The power of public outrage should not be underestimated. Although school leaders struggled to be heard in their pleas to the State Education Department about how the Common Core Learning Standards should be introduced in New York’s schools, it wasn’t until the broader public added their voices, and their outrage, that the SED and the Legislature and Governor really began to pay attention.
Over the years there have been many instances when our requests to legislators for laws that would be helpful to schools were brushed off with the explanation that the public wasn’t calling out for that particular change. Legislators who cited the lack of a public outcry as a reason not to act do not necessarily seem pleased now that they have a public clamoring for changes with the Common Core.
With the power of public outcry in mind, school leaders are trying to draw attention to the Gap Elimination Adjustment (GEA), hoping to make it a pivotal issue this year. As the budget discussion began, most of the public and even many legislators did not grasp the impact of the GEA’s automatic reduction to school aid after a district’s aid is calculated.
The GEA was instituted during the recession to help the state with its revenue problems. Although initially a one-time adjustment to debit money off the bottom line after a district’s state aid was calculated, it was subsequently made a permanent part of the funding formula, a constant negative number in the calculation of aid.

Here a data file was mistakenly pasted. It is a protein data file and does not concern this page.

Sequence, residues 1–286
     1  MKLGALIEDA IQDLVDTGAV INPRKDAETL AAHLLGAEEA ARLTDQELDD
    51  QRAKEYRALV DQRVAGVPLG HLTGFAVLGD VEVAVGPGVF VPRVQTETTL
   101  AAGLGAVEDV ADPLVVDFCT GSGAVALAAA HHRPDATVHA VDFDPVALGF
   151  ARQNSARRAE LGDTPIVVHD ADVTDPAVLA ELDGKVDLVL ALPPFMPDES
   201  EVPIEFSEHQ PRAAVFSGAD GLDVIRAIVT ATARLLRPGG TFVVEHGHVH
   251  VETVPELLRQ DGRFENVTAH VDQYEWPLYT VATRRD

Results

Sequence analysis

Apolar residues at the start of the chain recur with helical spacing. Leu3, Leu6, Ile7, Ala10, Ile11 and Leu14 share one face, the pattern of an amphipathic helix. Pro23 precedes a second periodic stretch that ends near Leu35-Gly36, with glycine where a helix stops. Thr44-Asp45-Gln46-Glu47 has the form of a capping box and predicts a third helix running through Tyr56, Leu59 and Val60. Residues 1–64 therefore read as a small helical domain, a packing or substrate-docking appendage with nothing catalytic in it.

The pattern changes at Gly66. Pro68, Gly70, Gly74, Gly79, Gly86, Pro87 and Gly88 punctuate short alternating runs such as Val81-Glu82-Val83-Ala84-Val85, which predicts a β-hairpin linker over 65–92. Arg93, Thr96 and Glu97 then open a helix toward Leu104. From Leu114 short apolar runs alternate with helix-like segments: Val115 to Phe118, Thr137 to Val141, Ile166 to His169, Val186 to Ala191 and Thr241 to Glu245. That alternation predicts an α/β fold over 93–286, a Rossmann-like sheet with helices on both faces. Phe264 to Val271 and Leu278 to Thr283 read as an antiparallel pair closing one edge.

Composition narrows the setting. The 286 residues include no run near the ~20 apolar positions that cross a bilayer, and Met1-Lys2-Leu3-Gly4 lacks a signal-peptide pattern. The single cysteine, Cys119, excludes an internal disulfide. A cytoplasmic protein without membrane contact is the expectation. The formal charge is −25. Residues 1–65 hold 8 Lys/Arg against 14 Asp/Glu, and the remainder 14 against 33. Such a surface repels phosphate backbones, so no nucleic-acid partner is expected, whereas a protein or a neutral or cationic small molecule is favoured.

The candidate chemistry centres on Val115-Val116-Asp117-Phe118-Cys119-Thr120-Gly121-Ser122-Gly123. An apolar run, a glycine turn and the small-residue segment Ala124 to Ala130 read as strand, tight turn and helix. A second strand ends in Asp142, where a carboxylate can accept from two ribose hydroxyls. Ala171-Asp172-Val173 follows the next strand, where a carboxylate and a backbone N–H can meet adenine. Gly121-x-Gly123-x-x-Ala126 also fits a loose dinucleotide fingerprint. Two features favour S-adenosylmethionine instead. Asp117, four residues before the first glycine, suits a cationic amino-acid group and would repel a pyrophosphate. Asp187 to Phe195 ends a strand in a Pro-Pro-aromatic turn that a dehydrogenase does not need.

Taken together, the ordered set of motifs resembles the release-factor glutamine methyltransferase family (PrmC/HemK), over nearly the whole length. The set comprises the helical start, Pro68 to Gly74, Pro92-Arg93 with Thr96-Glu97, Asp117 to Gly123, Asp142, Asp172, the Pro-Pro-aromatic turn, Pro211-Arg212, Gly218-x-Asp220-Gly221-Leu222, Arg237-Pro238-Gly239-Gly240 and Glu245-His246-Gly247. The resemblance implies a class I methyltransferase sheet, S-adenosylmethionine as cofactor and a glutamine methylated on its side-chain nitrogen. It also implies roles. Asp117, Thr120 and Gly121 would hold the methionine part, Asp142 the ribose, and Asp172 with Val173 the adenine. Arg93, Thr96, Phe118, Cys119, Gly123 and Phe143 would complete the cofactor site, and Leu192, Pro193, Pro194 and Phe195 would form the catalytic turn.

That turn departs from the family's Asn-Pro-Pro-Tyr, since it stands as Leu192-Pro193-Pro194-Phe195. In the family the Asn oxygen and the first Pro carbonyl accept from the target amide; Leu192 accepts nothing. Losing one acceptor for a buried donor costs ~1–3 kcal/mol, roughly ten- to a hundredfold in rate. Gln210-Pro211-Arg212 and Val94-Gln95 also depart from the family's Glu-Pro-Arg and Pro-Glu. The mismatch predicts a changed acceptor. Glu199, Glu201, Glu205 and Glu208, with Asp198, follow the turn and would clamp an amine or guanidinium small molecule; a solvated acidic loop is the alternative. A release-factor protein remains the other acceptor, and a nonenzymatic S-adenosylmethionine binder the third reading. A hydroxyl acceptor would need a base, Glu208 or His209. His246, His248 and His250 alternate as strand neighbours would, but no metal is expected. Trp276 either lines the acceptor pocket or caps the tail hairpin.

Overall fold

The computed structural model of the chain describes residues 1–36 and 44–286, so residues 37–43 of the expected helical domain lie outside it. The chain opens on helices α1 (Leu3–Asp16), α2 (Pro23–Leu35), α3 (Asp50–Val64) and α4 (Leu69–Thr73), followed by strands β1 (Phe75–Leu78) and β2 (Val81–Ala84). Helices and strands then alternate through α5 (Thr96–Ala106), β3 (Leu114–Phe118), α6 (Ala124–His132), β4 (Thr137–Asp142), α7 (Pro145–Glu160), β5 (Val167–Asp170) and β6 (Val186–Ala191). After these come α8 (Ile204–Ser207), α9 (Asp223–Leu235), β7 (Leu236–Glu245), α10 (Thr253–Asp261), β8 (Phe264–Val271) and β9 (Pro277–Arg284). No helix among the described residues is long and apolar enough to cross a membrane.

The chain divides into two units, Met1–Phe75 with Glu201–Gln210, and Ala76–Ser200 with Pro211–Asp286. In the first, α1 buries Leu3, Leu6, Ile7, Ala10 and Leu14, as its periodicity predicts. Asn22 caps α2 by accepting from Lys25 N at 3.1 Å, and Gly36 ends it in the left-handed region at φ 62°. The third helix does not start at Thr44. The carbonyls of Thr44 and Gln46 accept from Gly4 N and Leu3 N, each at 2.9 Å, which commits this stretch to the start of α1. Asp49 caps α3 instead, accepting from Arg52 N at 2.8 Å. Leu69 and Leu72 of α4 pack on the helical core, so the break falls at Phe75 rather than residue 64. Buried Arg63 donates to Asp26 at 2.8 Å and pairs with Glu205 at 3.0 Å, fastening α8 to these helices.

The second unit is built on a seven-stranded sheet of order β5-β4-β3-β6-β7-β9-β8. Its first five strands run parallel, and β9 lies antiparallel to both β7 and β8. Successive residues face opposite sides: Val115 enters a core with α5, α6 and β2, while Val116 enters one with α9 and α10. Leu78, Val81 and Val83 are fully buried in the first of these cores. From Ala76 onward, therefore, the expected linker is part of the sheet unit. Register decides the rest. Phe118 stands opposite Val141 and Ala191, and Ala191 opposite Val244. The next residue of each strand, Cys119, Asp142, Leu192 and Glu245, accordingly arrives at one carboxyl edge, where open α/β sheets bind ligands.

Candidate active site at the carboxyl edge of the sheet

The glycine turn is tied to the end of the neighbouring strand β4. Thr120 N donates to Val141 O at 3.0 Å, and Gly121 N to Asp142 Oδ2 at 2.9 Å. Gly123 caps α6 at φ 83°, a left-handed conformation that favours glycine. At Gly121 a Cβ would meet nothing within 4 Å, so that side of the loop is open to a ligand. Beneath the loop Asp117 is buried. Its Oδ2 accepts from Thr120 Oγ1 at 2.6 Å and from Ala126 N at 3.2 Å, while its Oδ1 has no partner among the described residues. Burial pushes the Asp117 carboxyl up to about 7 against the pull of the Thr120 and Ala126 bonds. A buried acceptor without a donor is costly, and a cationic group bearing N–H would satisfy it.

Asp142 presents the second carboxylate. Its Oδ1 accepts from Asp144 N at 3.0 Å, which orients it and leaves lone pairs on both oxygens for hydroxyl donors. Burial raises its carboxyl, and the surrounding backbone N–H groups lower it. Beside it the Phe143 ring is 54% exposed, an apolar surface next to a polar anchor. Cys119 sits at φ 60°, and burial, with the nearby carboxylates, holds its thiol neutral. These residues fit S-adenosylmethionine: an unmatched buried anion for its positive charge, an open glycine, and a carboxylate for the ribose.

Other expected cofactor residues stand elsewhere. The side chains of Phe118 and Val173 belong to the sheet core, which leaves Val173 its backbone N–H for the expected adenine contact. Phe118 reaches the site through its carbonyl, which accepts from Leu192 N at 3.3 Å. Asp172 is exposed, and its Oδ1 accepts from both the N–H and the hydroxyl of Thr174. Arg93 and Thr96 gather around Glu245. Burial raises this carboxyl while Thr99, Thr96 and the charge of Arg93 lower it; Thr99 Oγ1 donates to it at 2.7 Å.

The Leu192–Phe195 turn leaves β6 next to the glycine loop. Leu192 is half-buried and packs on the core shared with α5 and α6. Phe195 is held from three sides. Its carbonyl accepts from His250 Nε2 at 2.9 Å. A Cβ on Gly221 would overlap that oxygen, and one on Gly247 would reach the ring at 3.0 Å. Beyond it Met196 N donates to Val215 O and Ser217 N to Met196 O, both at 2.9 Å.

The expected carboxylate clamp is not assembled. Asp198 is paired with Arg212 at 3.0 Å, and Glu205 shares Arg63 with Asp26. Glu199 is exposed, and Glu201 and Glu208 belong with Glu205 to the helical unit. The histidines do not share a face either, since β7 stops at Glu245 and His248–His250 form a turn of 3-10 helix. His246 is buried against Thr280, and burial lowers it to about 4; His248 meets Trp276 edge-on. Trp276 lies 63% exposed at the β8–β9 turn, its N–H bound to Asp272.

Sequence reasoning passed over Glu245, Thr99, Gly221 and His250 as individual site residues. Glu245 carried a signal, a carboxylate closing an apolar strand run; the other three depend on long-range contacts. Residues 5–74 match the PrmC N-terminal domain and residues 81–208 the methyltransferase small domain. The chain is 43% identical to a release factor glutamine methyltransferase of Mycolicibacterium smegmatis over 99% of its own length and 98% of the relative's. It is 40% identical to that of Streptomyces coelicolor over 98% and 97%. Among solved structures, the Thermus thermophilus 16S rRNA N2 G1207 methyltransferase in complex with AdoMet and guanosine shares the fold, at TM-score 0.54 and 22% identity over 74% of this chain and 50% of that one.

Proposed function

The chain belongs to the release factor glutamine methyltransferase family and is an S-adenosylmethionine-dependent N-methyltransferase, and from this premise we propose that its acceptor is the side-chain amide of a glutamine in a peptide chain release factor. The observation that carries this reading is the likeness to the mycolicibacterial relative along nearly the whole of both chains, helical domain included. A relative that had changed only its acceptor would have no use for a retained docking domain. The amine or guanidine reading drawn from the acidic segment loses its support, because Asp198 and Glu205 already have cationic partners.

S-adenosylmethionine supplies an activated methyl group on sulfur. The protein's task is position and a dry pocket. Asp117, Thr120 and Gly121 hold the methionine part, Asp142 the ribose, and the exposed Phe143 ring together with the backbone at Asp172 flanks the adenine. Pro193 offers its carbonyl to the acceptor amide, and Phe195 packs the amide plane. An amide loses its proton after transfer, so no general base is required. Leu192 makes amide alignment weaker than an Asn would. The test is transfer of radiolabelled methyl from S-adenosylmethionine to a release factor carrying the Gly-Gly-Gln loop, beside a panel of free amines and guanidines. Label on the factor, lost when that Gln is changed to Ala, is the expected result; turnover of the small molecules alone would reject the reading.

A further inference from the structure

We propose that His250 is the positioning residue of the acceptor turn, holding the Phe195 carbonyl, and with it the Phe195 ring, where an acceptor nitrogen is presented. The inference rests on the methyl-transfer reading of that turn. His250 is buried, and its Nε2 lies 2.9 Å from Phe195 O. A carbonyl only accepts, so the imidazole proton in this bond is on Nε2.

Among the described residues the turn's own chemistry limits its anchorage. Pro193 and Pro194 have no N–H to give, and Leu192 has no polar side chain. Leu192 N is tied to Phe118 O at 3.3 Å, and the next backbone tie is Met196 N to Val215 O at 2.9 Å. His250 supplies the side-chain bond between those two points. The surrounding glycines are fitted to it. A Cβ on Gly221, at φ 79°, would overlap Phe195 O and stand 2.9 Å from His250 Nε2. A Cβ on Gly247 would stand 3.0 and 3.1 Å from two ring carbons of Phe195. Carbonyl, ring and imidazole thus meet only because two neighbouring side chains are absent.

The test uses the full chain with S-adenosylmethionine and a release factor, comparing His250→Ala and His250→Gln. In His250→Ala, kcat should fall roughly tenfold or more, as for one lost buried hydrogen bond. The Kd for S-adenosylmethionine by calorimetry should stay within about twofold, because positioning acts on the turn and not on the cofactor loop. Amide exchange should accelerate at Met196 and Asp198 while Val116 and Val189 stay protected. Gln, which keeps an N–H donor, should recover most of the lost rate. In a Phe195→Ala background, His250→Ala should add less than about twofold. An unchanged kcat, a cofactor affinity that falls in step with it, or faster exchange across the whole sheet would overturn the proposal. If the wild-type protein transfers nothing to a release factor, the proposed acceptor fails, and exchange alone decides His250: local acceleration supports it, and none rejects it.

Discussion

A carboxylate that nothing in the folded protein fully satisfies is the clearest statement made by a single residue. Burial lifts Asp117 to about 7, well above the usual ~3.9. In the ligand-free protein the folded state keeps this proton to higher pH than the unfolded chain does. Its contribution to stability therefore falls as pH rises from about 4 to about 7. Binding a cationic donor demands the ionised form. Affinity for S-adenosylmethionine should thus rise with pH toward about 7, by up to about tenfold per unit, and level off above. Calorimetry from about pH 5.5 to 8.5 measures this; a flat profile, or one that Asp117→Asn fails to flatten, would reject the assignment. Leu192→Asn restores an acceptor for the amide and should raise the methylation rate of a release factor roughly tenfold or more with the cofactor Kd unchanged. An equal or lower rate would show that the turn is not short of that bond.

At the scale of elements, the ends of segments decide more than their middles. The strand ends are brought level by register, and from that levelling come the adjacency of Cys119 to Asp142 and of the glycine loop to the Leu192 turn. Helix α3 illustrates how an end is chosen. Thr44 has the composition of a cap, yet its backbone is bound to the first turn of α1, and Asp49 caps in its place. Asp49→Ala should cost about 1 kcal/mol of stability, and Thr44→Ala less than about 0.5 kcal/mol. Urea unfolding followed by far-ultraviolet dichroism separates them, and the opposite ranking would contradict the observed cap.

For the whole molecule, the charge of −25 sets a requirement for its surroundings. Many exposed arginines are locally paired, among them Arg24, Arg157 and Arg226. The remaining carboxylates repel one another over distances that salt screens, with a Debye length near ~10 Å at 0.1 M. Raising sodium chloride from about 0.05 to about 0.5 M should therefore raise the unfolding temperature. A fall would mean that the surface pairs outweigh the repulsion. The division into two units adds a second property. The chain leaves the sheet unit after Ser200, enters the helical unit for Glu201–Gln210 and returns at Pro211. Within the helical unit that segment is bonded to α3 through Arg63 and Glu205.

The amount of money subtracted from school aid by the GEA is staggering - $8.5 BILLION statewide over the past four years, over $355 MILLION in MCSBA districts alone! This loss is crippling schools’ ability to offer the programs students need, an impact on the development of the next generation that cannot be calculated. But the dollar loss can be calculated and for the coming year, the Governor’s budget proposal includes another $1.3 BILLION GEA cut, including $65 MILLION locally.
The public is beginning to understand the GEA. Dissonance is growing louder as people question the conflicting messages from the Governor’s office that the state has a surplus and can rebate tax money to homeowners yet still uses the GEA to siphon money off the bottom line of school aid.
With all the pressure on districts created by the cap on the levy, the governor’s push for a freeze on increases in local taxes, and the continuing depletion of reserve funds, the insidious impact of the GEA is becoming more obvious. Many school leaders are showing their communities that despite all the other limits on revenue, if this money was not taken away, they could fund their programs without exceeding the tax cap for years to come.
The public doesn’t rise up when they are content; they rise up when they are angry. It is intoxicating to imagine the public demanding adequate funding for education, but they could, and they might, because to understand the GEA is to be appalled by it.
We need to take every opportunity to inform people about the GEA.